Isaiah prophesies the return of the redeemed to Zion, a promise that would be fulfilled with the return from the Babylonian exile. The illustration is one that would be vivid to those who lived on the ridge above the wilderness of Judah.
The wilderness and the dry land shall be glad; the desert shall rejoice and blossom like the crocus; it shall blossom abundantly and rejoice with joy and singing. The glory of Lebanon shall be given to it, the majesty of Carmel and Sharon. They shall see the glory of the LORD, the majesty of our God. (Isaiah 35:1-2 ESV)
Our aerial view was made toward the east from a location a few miles south of Jerusalem. In the distance you will see the Dead Sea and the Transjordan plateau. At this point it is the Biblical land of Moab.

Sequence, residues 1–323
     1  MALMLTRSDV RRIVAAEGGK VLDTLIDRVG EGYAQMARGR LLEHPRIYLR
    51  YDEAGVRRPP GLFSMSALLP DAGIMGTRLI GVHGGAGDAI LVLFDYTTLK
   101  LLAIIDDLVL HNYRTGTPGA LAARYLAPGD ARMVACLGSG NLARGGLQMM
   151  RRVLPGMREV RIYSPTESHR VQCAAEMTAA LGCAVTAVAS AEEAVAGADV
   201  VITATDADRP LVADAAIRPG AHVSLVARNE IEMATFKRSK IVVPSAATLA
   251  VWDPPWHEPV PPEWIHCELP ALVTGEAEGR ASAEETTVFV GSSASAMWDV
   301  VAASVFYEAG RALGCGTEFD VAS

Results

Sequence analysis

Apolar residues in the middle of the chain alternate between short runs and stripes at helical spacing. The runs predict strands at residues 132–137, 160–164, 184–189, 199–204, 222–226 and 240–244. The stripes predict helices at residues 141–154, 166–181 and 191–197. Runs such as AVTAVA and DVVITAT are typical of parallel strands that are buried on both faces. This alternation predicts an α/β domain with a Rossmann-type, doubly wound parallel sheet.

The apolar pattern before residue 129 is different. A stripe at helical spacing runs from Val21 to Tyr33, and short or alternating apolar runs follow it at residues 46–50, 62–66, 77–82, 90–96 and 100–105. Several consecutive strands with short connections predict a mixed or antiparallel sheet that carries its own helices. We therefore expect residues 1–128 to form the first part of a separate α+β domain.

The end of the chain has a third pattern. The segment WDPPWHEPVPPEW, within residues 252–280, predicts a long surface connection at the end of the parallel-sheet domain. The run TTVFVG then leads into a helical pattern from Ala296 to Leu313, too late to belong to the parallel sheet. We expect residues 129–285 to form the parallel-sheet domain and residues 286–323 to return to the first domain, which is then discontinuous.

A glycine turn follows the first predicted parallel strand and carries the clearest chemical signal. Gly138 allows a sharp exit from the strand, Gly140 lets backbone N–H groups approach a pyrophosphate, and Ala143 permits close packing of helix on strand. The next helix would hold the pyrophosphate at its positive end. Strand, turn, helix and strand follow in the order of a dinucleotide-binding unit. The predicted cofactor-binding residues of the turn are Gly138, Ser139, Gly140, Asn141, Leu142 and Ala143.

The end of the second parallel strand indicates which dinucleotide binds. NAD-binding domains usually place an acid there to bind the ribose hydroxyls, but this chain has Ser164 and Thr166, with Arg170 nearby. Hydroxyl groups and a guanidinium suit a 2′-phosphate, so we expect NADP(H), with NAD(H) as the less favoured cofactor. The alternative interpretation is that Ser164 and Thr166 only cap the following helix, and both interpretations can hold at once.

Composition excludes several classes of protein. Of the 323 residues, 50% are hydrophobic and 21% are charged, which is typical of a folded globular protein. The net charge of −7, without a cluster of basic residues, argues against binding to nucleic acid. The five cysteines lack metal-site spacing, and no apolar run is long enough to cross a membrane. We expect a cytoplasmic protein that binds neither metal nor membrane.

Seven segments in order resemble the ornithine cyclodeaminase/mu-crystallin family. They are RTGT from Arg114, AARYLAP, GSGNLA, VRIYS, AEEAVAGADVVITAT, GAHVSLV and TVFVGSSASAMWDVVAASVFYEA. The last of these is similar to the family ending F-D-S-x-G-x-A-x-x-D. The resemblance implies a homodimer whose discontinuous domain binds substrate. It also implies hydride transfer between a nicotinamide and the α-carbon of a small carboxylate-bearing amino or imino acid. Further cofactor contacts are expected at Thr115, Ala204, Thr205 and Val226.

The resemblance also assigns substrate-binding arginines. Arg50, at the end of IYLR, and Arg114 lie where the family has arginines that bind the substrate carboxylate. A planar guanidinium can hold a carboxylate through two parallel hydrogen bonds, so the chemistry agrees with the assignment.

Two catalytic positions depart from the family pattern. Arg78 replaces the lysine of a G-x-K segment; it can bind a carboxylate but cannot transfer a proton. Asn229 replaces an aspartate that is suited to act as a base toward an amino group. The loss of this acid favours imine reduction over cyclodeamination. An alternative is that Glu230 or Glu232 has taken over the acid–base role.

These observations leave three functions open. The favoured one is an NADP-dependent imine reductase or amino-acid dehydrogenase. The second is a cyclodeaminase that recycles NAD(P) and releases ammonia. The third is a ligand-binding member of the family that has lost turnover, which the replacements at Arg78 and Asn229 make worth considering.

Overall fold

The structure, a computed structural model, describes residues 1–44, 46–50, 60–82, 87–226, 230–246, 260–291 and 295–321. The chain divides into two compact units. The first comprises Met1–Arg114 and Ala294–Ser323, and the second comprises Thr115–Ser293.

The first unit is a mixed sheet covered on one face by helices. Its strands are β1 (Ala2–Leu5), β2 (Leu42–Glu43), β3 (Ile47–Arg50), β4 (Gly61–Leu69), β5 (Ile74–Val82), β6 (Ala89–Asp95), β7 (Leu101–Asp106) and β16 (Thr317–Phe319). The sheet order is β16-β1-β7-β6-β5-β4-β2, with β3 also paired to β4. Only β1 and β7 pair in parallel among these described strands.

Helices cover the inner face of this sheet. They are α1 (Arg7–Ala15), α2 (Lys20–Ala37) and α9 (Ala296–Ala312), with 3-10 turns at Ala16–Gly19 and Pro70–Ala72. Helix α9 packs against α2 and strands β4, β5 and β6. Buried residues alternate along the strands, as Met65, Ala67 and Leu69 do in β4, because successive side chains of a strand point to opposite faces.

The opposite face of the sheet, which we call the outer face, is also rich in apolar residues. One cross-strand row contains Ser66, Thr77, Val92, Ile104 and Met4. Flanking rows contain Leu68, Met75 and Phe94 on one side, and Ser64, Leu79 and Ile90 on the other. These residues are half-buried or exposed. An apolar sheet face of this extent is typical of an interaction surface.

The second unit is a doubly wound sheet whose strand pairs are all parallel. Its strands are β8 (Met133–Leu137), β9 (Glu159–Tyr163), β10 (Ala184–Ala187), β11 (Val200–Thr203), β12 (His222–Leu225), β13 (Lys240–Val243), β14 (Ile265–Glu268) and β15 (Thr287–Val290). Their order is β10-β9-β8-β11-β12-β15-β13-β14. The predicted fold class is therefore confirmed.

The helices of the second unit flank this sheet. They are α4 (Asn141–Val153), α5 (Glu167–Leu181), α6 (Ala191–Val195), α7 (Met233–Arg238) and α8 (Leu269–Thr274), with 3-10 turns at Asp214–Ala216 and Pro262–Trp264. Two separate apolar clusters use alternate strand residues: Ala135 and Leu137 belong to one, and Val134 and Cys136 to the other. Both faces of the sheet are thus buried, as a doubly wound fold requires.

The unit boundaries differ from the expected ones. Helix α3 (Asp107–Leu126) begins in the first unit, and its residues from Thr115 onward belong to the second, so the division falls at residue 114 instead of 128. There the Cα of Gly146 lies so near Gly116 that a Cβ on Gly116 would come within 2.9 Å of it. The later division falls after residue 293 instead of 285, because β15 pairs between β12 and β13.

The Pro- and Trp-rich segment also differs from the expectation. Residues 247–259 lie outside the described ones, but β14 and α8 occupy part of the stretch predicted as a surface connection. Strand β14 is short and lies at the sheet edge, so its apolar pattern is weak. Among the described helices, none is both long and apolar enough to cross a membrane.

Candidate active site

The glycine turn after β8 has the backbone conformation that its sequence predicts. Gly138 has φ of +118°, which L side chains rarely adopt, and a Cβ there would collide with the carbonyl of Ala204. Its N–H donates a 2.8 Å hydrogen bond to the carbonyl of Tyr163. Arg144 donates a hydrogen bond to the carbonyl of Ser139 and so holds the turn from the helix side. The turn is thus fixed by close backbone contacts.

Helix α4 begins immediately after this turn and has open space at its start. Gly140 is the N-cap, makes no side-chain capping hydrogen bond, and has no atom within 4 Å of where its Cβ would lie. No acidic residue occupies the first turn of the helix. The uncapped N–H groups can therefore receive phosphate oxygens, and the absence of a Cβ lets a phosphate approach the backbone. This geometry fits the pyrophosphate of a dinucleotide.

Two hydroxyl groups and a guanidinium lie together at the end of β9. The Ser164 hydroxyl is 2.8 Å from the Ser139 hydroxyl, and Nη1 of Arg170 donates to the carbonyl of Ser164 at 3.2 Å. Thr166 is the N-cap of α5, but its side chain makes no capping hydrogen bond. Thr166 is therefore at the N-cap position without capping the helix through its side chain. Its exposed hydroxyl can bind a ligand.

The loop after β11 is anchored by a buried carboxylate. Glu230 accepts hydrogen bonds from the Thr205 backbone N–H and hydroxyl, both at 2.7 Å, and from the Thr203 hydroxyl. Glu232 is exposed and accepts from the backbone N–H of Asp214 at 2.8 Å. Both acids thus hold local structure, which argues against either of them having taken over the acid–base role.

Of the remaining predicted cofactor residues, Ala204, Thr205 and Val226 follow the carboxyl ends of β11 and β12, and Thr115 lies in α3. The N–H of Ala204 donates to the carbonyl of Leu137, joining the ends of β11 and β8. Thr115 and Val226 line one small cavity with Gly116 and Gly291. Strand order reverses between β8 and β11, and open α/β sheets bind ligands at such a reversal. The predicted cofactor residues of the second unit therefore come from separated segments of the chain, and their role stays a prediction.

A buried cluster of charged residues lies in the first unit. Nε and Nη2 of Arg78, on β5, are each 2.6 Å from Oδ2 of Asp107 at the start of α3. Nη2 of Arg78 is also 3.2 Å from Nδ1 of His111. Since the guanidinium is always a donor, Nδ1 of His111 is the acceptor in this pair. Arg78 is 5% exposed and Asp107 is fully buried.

For illustrations of the streams in the desert, see here (Isaiah 35:5-7).
When I first began to travel, during the early days of the State of Israel, it was rather common for tour operators to include a phrase such as “See the desert blossom as a rose” in the tour brochure. The word rose came from the King James Version of Isaiah 35:1. The Hebrew term here is chabatstseleth. BDB defines it as a “meadow-saffron or crocus.”
Identifying plants and animals of Bible times is not easy. One common mistake is to find a plant of a certain name in our local language and identify it with one we read about in the Bible.
The point is rather simple. Places that were dry and barren would become watered and beautiful with the return of the redeemed.
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